Emergency Action and Fire Prevention Plans
OSHA defines the application of EAPs in 29 CFR 1910.38(a) and FPPs in 29 CFR 1910.39(a) as: “An employer must have an EAP or FPP whenever an OSHA standard in this part (1910) requires one.”
These nine standards require organizations to have an EAP:
- 1910.119 Process Safety Management (PSM) of Highly Hazardous Chemicals
- 1910.120 Hazardous Waste Operations and Emergency Response (HAZWOPER)
- 1910.157 Portable Fire Suppression Equipment
- 1910.160 Fixed Extinguishing Systems, General
- 1910.164 Fire Detection Systems
- 1910.272 Grain Handling Facilities
- 1910.1047 Ethylene Oxide (EtO)
- 1910.1050 Methylenedianiline (MDA)
- 1910.1051 1,3-Butadiene
Organizations covered by the EtO, MDA or 1,3-Butadiene standards must also have a FPP in place.
The plans must be in writing, kept in the workplace and available for employees for review. However, employers with 10 or fewer employees may communicate the plans orally to employees. The plans must be reviewed with each covered employee when:
- The plans are developed or the employee is assigned initially to a job;
- The employee’s responsibilities under the plans change; and
- The plans are changed.
EAPs and FPPs may vary to comply with specific company operations, but must follow the guidelines set by OSHA.
According to 29 CFR 1910.38(c), at a minimum, EAPs must include the following:
- Procedures for reporting a fire or other emergency;
- Emergency evacuation procedures and exit route assignments;
- Procedures to be followed by employees who remain to operate critical plant operations before they evacuate;
- Procedures to account for all employees, contractors and guests after emergency evacuations have been completed;
- Rescue and medical duties for those employees who are to perform them; and
- Names or job titles of persons who may be contacted for additional information or further explanation of duties under the EAP.
All employees must be familiar with the evacuation signal, whether it’s communicated verbally or by bells, whistles or sirens. The alarm system must comply with the scope, application, general requirements, installation and restoration, maintenance, testing and manual operation as stated in 29 CFR1910.165 – Employee Alarm Systems.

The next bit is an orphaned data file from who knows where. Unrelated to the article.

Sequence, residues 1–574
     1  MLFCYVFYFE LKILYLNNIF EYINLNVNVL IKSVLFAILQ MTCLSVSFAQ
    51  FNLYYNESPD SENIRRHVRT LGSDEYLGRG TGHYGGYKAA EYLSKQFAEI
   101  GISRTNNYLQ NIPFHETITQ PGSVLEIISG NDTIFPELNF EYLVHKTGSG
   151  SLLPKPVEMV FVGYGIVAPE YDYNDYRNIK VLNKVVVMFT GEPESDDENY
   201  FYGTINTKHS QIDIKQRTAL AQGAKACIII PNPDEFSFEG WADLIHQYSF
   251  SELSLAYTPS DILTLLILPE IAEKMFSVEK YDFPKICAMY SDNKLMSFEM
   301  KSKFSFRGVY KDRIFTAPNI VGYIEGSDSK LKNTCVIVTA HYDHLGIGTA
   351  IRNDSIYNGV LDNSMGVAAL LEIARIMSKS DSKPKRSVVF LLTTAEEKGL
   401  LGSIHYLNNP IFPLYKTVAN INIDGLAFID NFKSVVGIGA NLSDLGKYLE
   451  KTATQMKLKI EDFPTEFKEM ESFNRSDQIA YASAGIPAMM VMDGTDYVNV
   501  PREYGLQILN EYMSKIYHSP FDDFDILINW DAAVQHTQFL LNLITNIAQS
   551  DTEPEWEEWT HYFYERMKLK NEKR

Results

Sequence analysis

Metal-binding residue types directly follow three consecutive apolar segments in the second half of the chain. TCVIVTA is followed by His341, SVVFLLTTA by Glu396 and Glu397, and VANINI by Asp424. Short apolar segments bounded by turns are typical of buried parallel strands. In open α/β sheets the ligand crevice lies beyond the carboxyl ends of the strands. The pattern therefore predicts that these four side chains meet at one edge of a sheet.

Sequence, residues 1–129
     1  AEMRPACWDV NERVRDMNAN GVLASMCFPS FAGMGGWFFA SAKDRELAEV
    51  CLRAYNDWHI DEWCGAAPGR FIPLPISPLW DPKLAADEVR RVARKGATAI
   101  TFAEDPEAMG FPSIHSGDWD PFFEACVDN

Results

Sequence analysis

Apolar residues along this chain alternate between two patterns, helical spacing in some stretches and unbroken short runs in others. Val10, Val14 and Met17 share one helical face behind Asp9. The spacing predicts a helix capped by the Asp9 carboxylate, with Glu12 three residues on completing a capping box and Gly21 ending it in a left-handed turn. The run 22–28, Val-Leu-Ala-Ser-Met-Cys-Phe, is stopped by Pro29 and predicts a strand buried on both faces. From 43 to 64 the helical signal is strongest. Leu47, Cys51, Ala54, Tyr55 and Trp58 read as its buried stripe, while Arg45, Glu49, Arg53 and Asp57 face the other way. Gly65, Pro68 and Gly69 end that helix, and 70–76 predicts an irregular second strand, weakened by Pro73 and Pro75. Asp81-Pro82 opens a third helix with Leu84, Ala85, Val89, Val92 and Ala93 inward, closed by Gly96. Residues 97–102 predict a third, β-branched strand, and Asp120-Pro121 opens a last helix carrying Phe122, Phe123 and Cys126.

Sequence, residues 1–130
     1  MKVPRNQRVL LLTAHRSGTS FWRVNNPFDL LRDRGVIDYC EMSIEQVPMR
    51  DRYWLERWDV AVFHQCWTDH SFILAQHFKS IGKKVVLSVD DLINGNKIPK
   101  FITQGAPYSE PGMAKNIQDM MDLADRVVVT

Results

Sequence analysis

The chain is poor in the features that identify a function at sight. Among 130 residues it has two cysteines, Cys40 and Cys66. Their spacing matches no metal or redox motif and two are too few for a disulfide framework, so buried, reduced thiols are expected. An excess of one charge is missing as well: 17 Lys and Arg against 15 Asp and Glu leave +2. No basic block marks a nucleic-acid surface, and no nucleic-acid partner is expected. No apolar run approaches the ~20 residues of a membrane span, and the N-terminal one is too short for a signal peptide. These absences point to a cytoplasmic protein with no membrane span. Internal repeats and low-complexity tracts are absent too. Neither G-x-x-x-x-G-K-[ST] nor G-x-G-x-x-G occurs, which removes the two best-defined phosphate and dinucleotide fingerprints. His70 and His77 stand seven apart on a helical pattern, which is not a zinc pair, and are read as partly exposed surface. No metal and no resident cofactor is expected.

Per 29 CFR 1910.39(c), at a minimum, FPPs must include the following:
- A list of all major fire hazards, proper handling and storage procedures for hazardous materials, potential ignition sources and their control, and the type of fire protection equipment necessary to control each major hazard; Procedures to control accumulations of flammable and combustible waste materials;
- Procedures for regular maintenance of safeguards installed on heat-producing equipment to prevent the accidental ignition of combustible materials;
- Names or job titles of employees responsible for maintaining equipment to prevent or control sources of ignition or fires; and names or job titles of employees responsible for fuel source hazard control.
Employees must know the alarm procedure, where to find alarms and how to sound or activate them. Emergency phone numbers must be posted by phones. Employees must respond immediately when the alarm is sounded, whether it is a drill or an actual fire. Personal work areas must be secured, if time permits, by turning off machinery or equipment, securing hazardous materials or locking up confidential documents.
Establishing EAPs and FPPs and facilitating employee training helps prevent injuries and deaths in the workplace. Saving lives is the main goal for EAPs and FPPs. Just because an organization has an EAP and FPP, doesn’t mean they are prepared for an emergency. The plans only work if employees know and follow the emergency procedures. For additional information on OSHA’s means of egress requirements please see QuickTip #268.
Find even more information you can use to help make informed decisions about the regulatory issues you face in your workplace every day. View all Quick Tips Technical Resources at www.grainger.com/quicktips.
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The information contained in this publication is intended for general information purposes only and is based on information available as of the initial date of publication. No representation is made that the information or references are complete or remain current. This publication is not a substitute for review of the current applicable government regulations and standards specific to your location and business activity, and should not be construed as legal advice or opinion. Readers with specific questions should refer to the applicable standards or consult with an attorney.
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